iOS 14.5: Everything you need to know

Apple has begun beta testing iOS 14.5, and whereas the iOS 14.4 release was a little dull, this version brings several welcome improvements. You’ll get the ability to unlock your iPhone with your Apple Watch, AirPlay support for Fitness+, and the long-awaited App Tracking Transparency feature.

Apple released the first developer beta on February 1, but the public beta did not follow immediately after as it often does, instead coming on February 4 after a second build for developers. The final release to the general public is likely to come sometime in February or early March.

Update 02/10/2021: iOS 14.5 adds crowd-sourced accident reporting and speed traps to Apple Maps

What’s new in iOS 14.5

App Tracking Transparency

This version of iOS will lay the groundwork for Apple’s long-advertised App Tracking Transparency feature. Simply put, your iPhone will now require applications to ask for permission (through a standard iOS prompt) whenever they want to track your activities outside the app, such as across other apps or websites. Most users are unaware that many apps even do this. Apple is not blocking the practice, merely requiring informed consent just as it does for, say, location access.

You won’t immediately see these prompts upon installing the iOS 14.5 beta. Rather, the requirement will go into effect later this spring.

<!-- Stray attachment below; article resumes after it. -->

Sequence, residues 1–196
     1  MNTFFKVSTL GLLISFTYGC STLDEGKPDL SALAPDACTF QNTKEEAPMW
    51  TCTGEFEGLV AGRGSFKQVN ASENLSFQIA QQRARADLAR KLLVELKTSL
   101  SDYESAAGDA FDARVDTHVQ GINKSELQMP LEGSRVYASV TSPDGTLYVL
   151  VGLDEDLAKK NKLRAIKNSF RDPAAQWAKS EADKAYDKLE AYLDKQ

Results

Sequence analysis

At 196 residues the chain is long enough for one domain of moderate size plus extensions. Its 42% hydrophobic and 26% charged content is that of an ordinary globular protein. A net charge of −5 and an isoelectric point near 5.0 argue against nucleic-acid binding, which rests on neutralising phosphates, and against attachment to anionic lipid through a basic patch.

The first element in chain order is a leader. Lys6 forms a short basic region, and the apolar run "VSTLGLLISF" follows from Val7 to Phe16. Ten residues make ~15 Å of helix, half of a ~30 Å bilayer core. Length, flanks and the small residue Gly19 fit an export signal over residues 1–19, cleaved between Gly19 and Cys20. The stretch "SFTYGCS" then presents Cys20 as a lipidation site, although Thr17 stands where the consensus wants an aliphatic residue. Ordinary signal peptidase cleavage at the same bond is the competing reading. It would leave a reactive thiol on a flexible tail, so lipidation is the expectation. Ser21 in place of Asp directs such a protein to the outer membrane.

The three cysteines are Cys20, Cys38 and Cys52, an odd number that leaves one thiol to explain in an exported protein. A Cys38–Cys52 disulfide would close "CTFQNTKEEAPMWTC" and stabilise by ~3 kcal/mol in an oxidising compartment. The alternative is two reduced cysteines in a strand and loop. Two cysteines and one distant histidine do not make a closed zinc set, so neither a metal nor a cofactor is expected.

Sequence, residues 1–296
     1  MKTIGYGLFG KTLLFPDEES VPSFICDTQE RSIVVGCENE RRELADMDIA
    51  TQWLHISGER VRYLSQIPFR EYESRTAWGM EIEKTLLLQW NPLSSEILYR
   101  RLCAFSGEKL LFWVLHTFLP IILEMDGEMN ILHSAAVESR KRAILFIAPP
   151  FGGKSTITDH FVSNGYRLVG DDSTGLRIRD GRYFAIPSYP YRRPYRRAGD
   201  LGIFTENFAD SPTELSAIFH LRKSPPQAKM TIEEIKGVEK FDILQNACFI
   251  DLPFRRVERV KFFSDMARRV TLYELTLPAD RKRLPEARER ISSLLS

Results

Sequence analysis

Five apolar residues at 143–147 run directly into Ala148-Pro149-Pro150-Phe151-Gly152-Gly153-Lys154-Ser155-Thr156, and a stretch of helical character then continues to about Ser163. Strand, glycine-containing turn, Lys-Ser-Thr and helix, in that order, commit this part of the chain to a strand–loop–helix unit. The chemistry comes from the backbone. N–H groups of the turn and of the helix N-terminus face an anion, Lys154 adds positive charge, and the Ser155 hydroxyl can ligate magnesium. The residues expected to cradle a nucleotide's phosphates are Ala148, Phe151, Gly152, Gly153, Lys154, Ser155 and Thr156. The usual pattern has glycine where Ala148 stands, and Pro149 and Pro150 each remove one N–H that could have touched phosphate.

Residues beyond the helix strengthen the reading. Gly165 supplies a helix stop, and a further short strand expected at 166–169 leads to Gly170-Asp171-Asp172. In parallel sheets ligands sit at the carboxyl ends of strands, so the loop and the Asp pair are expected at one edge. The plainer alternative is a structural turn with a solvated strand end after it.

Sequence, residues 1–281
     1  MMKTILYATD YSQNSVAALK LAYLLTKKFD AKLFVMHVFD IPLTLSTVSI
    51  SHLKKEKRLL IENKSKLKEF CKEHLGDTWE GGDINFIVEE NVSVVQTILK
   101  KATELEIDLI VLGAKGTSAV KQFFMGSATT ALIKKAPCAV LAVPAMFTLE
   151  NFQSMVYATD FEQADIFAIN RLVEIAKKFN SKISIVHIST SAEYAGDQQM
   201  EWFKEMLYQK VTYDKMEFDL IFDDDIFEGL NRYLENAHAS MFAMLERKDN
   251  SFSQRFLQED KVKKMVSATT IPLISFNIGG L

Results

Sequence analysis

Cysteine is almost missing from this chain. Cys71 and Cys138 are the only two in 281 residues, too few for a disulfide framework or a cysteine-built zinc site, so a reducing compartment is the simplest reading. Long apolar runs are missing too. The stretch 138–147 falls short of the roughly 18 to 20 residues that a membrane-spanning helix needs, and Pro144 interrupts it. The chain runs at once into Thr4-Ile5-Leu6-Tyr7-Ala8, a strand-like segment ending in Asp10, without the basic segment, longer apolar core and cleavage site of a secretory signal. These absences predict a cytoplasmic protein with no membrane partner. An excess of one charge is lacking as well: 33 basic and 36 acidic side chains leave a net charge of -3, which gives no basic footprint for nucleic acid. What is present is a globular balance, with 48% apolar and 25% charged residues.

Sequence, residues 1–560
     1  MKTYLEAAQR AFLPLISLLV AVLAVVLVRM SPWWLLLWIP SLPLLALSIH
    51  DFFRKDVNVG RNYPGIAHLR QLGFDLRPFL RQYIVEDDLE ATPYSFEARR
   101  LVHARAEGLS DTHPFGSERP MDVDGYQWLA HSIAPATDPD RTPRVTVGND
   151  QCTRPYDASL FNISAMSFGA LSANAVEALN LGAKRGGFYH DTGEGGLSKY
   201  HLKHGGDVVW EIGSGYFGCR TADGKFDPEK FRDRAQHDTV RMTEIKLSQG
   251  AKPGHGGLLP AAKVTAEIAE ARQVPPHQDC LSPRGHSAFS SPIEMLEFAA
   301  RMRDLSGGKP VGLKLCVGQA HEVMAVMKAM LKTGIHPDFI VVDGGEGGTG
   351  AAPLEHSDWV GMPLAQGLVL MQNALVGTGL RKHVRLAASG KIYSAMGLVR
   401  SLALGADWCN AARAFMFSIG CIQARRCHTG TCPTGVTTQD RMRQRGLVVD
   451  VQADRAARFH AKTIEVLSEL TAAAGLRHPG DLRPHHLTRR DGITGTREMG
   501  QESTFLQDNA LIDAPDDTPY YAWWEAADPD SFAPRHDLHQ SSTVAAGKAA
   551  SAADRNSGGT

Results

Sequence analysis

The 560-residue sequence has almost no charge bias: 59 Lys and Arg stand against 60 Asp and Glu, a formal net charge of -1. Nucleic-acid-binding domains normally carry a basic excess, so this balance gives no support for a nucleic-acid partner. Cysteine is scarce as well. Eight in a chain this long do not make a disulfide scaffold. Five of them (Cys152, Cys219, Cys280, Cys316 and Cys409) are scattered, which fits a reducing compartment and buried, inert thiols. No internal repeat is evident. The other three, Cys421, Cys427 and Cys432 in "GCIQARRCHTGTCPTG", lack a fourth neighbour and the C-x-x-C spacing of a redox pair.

Crash reporting and speed traps in Apple Maps

Long a feature of Google Maps and Waze, Apple Maps users in iOS 14.5 will be able to share crash reports, road hazards, and speed traps in real-time to help navigate around traffic. It’s unclear how the system will work, but presumably, Apple will collect all of the data and offer alternative routes when things get backed up.

AirPlay 2 support for Fitness+

One of the biggest setbacks of Apple’s new fitness subscription service is that you can only use it on an iPhone, iPad, or Apple TV. You can’t use it on a Mac or any other smart TV. With iOS 14.5, you can stream workouts from your iPhone or iPad to an AirPlay 2 supported device, which is a huge improvement. There are lots of TVs that support AirPlay 2 these days, so this makes the service a lot less restrictive. You won’t see your real-time metrics on screen, but that’s a relatively small price to pay.

Unlock iPhone with Apple Watch

Face ID is great, but the constant mask-wearing of the COVID-19 global pandemic has exposed an obvious flaw—it doesn’t work when half your face is covered up. With iOS 14.5 (and watchOS 7.4), you have the option to make your iPhone work like your Mac does, and automatically unlock when you’re wearing an unlocked Apple Watch. 

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